Value-based consumer segmentation: the key to sustainable agri-food chains

Macharia, John and Collins, Ray and Sun, Tim (2013) Value-based consumer segmentation: the key to sustainable agri-food chains. British Food Journal , 115 (9). pp. 1313-1328. ISSN 0007-070X

Abstract

Purpose: The final consumer has the exclusive right to define what constitutes value in a product or service. Under increasing pressures of globalization and urbanization, a consumer-focused approach to performance improvement in supply chains can lead to more satisfied consumers and improved returns to growers and retailers. This paper aims to demonstrate that such an orientation, though lacking in agri-food supply chains in developing countries, can mitigate threats to food safety, consumer health and environmental quality.

Design/methodology/approach: Data were collected through random survey intercepts (n=418) at different retail outlets for fresh vegetables in Nairobi, Kenya in 2010. Multi-step cluster analysis (Ward Method, K-means) was used to classify fresh vegetable consumers, in terms of their product, production and marketing process preferences.

Findings: Four heterogeneous segments in terms of value preferences, behaviour and personal profiles (p<0.05) were derived. They were labelled Prestigious Shoppers (25 per cent), Market Enthusiasts (18 per cent), Ethics Crusaders (41 per cent) and Safety Sceptics (16 per cent). All segments expressed high or moderate preferences for product quality. In addition, the Prestigious Shoppers expressed a moderate preference for customer service. Market Enthusiasts attached the highest values to market conditions and customer service. Ethics Crusaders most highly preferred customer service, while Safety Sceptics most highly preferred safe production.

Research limitations/implications: Since it is difficult to predict consumer behaviour precisely, these findings may be contextual. Yet, the segments have unique value preferences despite actors treating them as homogeneous. Ignoring these differences can lead to unsustainable attempts to improve chain practice and policies.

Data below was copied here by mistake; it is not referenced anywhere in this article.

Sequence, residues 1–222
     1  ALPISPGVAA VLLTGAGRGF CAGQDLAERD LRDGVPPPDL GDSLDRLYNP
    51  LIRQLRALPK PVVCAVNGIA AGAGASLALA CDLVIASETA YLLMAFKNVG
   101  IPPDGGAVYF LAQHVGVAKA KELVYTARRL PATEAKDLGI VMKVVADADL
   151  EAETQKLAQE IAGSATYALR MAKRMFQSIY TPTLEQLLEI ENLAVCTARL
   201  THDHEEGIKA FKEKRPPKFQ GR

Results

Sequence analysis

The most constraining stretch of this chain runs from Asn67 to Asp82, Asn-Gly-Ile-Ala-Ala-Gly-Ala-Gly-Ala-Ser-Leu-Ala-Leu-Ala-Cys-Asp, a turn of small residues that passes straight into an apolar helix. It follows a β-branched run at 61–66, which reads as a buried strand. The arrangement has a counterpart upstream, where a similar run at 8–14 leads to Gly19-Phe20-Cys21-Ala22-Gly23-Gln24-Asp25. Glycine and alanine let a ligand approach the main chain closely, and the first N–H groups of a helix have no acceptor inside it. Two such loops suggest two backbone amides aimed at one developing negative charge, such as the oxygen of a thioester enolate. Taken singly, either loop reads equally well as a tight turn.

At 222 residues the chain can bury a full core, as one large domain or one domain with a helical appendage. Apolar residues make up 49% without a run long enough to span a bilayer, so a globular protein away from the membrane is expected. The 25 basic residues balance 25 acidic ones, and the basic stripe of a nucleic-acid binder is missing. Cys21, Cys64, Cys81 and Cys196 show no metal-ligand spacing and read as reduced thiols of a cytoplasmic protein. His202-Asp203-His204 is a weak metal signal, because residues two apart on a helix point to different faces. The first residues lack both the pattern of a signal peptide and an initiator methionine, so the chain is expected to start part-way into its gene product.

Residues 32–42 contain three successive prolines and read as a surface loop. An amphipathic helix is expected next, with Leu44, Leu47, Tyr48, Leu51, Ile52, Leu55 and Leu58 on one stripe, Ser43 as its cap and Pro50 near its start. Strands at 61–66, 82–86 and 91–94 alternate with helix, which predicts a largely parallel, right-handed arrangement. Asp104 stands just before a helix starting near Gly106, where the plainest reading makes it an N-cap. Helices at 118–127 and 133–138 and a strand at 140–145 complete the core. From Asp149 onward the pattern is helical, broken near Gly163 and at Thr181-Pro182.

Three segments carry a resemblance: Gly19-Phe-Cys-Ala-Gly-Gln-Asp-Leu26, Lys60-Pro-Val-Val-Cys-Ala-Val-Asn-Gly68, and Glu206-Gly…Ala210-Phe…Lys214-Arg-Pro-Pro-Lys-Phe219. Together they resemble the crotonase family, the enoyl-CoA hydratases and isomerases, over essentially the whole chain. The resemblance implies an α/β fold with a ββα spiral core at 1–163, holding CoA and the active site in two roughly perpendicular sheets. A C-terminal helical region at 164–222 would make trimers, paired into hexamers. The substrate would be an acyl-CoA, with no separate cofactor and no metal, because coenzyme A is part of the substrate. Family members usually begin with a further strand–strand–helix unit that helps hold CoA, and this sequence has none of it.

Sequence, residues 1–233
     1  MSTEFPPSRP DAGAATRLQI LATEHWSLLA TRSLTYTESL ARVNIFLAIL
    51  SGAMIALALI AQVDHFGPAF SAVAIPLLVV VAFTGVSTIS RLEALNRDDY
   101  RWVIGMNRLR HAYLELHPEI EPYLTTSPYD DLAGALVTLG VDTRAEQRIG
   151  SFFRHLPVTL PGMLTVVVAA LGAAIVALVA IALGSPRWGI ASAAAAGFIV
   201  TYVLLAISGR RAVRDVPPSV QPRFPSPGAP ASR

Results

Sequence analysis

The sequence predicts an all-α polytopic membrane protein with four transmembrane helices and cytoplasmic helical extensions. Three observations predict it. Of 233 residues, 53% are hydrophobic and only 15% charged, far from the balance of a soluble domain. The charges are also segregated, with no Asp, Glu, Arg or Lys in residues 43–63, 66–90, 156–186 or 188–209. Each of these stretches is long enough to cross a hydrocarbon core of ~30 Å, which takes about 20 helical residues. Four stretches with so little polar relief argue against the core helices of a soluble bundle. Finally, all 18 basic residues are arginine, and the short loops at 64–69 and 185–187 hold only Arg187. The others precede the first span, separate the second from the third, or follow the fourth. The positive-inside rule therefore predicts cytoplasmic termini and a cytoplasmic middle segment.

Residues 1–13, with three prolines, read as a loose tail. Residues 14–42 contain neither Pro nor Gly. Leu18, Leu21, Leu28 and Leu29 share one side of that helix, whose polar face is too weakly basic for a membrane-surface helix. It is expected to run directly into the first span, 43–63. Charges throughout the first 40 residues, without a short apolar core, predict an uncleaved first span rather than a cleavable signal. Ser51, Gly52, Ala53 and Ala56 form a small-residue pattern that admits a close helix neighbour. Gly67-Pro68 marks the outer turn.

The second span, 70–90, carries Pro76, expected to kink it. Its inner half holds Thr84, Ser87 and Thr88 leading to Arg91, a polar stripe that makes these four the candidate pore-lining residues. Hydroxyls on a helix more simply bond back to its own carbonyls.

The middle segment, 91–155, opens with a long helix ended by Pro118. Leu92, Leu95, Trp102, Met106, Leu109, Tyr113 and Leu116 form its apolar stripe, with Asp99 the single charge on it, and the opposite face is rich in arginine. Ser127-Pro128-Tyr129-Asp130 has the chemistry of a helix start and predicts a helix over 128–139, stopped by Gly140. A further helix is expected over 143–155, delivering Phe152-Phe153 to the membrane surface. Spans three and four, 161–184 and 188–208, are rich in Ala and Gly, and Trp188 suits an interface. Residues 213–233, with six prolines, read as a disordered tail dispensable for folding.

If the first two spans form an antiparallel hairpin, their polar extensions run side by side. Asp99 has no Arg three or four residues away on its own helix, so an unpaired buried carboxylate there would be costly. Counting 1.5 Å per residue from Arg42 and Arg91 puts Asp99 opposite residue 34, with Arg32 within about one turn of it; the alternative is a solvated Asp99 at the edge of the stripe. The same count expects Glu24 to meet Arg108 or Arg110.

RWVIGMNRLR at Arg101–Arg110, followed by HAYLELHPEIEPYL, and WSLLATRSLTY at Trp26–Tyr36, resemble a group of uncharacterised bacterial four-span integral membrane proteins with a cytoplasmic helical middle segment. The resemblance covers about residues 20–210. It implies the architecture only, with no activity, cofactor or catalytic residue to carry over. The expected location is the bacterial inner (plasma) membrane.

Originality/value: This paper is the first of its kind. It advocates for use of universal value profiles as a basis for development of consumer-focused strategies for sustainable performance improvement in agri-food chains in developing countries.


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Item Type: Article (Commonwealth Reporting Category C)
Refereed: Yes
Item Status: Live Archive
Additional Information: Permanent restricted access to published version in accordance with the copyright policy of the publisher.
Faculty / Department / School: No Faculty
Date Deposited: 27 May 2016 23:49
Last Modified: 27 Mar 2017 06:07
Uncontrolled Keywords: Consumer behaviour; segmentation; supply chain; developing countries; supply chain management; food industry; Kenya
Fields of Research : 15 Commerce, Management, Tourism and Services > 1505 Marketing > 150501 Consumer-Oriented Productor Service Development
Socio-Economic Objective: B Economic Development > 91 Economic Framework > 9102 Microeconomics > 910209 Preference, Behaviour and Welfare
Identification Number or DOI: 10.1108/BFJ-09-2011-0215
URI: http://eprints.usq.edu.au/id/eprint/28872

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